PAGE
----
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With Urban spending about half the year away from home, juggling fatherhood and a career is not easy.

“Finding that balance between being a father and working is incredibly important,” he says.

“Typically when I start a movie I will do all the pre-production stuff and then at some point I will bring my family out.

“Once I’ve established the character and have found

a good footing, I bring them out and we get to spend some time together just like a regular family.

And if they can’t get to me, I will fly back to New Zealand as often as I can. It can be tricky, but you have to make it work.”

While moving to Los Angeles might cut down on his travel time, Urban, who was born in Wellington, has no plans to leave the country that has acted as inspiration to him his whole life.

“Growing up, I found New Zealand to be a very creative environment for many different reasons,” he says.

“I had a lot of friends who worked in the film industry and I was around them a lot growing up and I fell in love with the medium. I was always interested in watching people and analysing why people did certain things.

Me gravitating towards acting was born out of that curiosity.”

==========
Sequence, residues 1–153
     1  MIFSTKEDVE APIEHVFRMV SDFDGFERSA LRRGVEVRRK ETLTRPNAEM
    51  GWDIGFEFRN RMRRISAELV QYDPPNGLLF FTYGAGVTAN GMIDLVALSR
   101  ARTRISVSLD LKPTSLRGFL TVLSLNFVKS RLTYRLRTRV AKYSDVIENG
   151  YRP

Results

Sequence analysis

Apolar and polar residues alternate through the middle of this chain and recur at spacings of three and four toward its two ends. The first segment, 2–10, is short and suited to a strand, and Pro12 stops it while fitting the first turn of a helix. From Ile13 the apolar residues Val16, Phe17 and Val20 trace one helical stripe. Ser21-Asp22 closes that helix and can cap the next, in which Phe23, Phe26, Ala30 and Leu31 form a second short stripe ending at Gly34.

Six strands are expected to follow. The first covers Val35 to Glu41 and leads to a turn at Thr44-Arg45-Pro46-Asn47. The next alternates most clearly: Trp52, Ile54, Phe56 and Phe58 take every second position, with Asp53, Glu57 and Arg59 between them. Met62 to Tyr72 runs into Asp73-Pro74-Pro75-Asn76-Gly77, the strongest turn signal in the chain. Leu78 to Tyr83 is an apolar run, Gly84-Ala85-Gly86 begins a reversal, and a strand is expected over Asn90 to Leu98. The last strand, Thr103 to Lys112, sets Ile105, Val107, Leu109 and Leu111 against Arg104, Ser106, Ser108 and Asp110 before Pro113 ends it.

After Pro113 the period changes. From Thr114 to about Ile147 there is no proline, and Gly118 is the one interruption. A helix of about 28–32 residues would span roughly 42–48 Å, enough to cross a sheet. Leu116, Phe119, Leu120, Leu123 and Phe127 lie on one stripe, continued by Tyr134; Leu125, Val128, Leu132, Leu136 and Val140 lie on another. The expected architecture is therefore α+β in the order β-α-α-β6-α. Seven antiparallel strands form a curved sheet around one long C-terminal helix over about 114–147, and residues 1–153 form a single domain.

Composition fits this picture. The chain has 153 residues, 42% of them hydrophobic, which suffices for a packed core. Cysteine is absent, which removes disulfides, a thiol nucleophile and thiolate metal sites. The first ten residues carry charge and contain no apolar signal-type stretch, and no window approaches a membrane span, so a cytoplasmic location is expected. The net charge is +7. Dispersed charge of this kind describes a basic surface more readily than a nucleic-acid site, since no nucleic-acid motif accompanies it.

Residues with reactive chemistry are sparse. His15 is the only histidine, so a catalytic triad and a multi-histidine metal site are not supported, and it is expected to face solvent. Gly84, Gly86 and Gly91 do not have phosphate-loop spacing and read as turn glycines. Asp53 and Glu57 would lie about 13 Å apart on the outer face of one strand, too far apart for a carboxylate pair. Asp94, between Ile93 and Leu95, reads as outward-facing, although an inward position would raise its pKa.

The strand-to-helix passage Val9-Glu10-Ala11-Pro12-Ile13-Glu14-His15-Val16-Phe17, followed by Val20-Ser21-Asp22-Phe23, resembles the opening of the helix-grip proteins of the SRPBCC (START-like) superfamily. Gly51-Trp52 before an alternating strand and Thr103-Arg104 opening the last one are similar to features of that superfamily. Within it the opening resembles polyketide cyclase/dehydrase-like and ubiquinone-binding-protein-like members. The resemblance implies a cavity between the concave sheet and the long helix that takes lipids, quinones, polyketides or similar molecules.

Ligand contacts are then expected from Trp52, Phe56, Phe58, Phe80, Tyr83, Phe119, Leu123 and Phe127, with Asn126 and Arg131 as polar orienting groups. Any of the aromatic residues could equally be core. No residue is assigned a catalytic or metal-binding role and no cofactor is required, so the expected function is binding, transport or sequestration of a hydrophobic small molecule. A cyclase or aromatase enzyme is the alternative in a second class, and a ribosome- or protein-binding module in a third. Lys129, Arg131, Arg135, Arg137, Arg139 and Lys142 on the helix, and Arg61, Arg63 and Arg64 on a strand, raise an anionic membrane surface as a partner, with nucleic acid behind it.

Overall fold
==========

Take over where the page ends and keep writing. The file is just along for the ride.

Since choosing acting as a career, Urban has made steady progress towards stardom, first appearing in TV series such as Shortland Street and Xena: Warrior Princess, before landing his first Hollywood role in Ghost Ship in 2002.

He caught the eye as Eomer in The Two Towers and Return Of The King and as an assassin sent to kill Jason Bourne in The Bourne Supremacy, before going boldly into space as Dr Bones McCoy in blockbuster reboot Star Trek.

With the actor following up his high-profile stint as Judge Dredd with another ride on the Enterprise in a Star Trek sequel, you can’t help but think that Hunter and Indiana Urban must be bragging about their dad to their schoolmates.

Their dad, though, won’t allow them to ever behave like celebrity sprogs.

“When it comes to my kids, I have a real concern that too much emphasis is placed on what their dad does for a living,” he says. “I really want them to grow up like any other children.

Their dad just happens to do job that people find interesting and want to know more about.”

Dredd 3D is released on September 7


Photos: Getty


Interview: NZ actor Karl Urban on playing a UK comic book icon in Dredd 3D
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